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U.S. Embassy Supports Collaboration Between Turkmen and American Organizations to Preserve Historical Manuscripts


On November 5 the Chargé d’Affaires, a.i. of the U.S. Embassy in Turkmenistan, Ms. Valerie Chittenden, announced the U.S. Government’s support of a cultural preservation project to protect historical manuscripts in Turkmenistan. During a virtual ceremony hosted by the U.S. Embassy in Turkmenistan, Chargé d’Affaires, a.i. (CDA) Chittenden granted the 28th U.S. Ambassadors Fund for Cultural Preservation (AFCP) project in Turkmenistan to the Magtymguly Institute of Language, Literature, and National Manuscripts under the Academy of Sciences of Turkmenistan, and the U.S. organization Merrion and Smith. Mr. Dawut Orazsahedov, the Director of the Institute, and Bradford Smith, Director of Programming with Merrion and Smith, attended the virtual ceremony to receive the grant. The U.S. and Turkmen organizations collaborated on a joint proposal to supply experts in Turkmenistan with cutting-edge technology to preserve important manuscripts from the 17th, 18th, and 19th centuries.

“This is the first AFCP project in Turkmenistan that is being awarded to a joint proposal from a Turkmen and American organization,” CDA Chittenden said, adding, “It is appropriate that a project to preserve important books opens a new chapter in the collaboration between experts from the United States and Turkmenistan.” Merrion and Smith is a private, U.S. organization that specializes in cultural preservation and museum curation. They will collaborate with the Institute to provide Turkmen experts with leading technologies in the field of manuscript preservation.

The project will support the Institute’s preservation of 80 manuscripts, in Arabic, Persian, and Turkic languages, from famous scholars, poets, and authors who lived in Central Asia and the Middle East. Most of the books and manuscripts are very rare with only a few original copies remaining around the world. The United States is proud to partner with Turkmen experts to preserve these cultural treasures, which are not only an important part of Turkmenistan’s heritage, but that of Central Asia and humanity as a whole. The United States’ is contributing $43,470 to this important work.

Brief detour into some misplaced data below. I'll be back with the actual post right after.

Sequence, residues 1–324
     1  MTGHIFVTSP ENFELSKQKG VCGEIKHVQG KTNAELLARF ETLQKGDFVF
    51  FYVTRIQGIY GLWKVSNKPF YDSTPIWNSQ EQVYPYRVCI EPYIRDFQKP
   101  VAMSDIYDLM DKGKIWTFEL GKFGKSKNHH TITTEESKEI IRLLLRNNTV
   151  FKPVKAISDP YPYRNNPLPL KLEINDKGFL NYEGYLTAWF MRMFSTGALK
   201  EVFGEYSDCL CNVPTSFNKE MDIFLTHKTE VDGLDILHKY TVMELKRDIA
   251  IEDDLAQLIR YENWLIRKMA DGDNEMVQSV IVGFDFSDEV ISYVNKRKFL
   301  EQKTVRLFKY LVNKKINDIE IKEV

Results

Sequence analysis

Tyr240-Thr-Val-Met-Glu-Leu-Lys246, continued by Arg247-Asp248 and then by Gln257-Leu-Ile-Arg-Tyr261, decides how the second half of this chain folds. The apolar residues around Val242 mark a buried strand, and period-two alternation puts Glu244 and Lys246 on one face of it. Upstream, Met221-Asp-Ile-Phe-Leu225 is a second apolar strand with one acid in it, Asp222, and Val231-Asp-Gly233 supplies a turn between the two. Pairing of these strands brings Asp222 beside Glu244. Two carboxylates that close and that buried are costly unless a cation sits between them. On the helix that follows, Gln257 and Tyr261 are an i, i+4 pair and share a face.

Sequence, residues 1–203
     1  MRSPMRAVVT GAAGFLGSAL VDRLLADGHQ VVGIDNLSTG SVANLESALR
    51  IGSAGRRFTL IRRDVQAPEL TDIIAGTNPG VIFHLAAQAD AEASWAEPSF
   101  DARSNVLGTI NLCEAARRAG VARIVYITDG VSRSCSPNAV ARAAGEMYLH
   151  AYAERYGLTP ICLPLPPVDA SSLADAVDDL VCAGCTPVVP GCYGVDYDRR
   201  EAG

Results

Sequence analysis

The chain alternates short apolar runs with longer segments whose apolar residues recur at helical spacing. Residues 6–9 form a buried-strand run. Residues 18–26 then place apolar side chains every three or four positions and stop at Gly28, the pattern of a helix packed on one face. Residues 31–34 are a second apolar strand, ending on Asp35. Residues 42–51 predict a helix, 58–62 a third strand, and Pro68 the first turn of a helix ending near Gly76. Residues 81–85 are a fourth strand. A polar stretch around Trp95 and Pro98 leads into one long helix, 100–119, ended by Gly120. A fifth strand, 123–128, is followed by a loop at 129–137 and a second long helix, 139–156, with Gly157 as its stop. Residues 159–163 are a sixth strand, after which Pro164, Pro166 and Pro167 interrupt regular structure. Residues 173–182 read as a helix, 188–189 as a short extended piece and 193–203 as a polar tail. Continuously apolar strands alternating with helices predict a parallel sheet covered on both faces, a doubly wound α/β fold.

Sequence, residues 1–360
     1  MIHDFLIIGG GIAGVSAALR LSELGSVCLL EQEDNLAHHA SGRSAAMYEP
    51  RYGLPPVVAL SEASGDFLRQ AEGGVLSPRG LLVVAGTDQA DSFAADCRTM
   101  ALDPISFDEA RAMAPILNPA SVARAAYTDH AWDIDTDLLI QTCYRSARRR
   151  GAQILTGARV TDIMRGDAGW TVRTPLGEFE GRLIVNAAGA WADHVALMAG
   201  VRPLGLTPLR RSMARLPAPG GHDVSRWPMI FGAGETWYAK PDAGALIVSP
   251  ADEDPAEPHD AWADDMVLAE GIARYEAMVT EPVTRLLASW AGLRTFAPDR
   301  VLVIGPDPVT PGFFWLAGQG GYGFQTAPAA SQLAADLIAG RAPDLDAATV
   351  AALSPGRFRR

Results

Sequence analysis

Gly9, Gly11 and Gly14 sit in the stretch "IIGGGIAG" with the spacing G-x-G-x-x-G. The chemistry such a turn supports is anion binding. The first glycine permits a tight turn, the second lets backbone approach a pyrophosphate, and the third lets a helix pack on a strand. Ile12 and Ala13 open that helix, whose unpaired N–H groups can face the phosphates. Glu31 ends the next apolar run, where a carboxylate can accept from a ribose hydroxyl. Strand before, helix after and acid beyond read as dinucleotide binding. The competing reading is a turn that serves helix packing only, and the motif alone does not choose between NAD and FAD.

Through this AFCP project, Merrion and Smith will collaborate with the Institute to complete the following preservation work on the books: de-acidification of pages, restoration of lost parts of the books, reinforcement of the manuscripts' bindings, and the pagination of the books, among other restoration tasks. Additionally, the Institute plans to develop a computer network to create an e-library online catalogue of the works.

This project demonstrates the United States’ long-term commitment to partner with Turkmen experts in the preservation of cultural heritage that is a benefit for all of mankind. The collaboration with Merrion and Smith to develop technological expertise to preserve old texts is part of an ongoing exchange between the Institute and American experts. In February and early March of 2020 two experts from the Institute visited prestigious institutions in the United States, including Yale University, the Metropolitan Museum of Art in New York City, and the Library of Congress in Washington, DC. During the trip they developed partnerships with American colleagues and collected copies of Turkic, Persian, and Arabic texts related to Turkmen history. Furthermore, Merrion and Smith will coordinate the visit of American manuscript preservation experts to visit Turkmenistan in the near future. The United States previously supported Turkmen work to preserve important historical manuscripts with an AFCP grant to the Institute of Manuscripts in 2006.

About the growing, long-term collaboration between experts of the United States and Turkmenistan, CDA Chittenden noted, “By working together to preserve Turkmenistan’s past, we’re building partnerships for Turkmenistan’s future.”

The AFCP is a flagship program of the U.S. Embassy in Ashgabat. The United States has supported 28 cultural preservation projects in Turkmenistan through the AFCP since 2001. This project for manuscript preservation is a reminder that in addition to helping to preserve physical sites such as Gyz Gala in the Mary province, the Dayahatyn Caravanserai in Lebap province, or the sardobas at Shahrislam in Ahal province, the AFCP program supports preservation of many aspects of Turkmenistan’s culture. Past projects have included  preservation of antique Turkmen carpet bags and recordings of early folk music at the archives of the National Conservatory of Turkmenistan.

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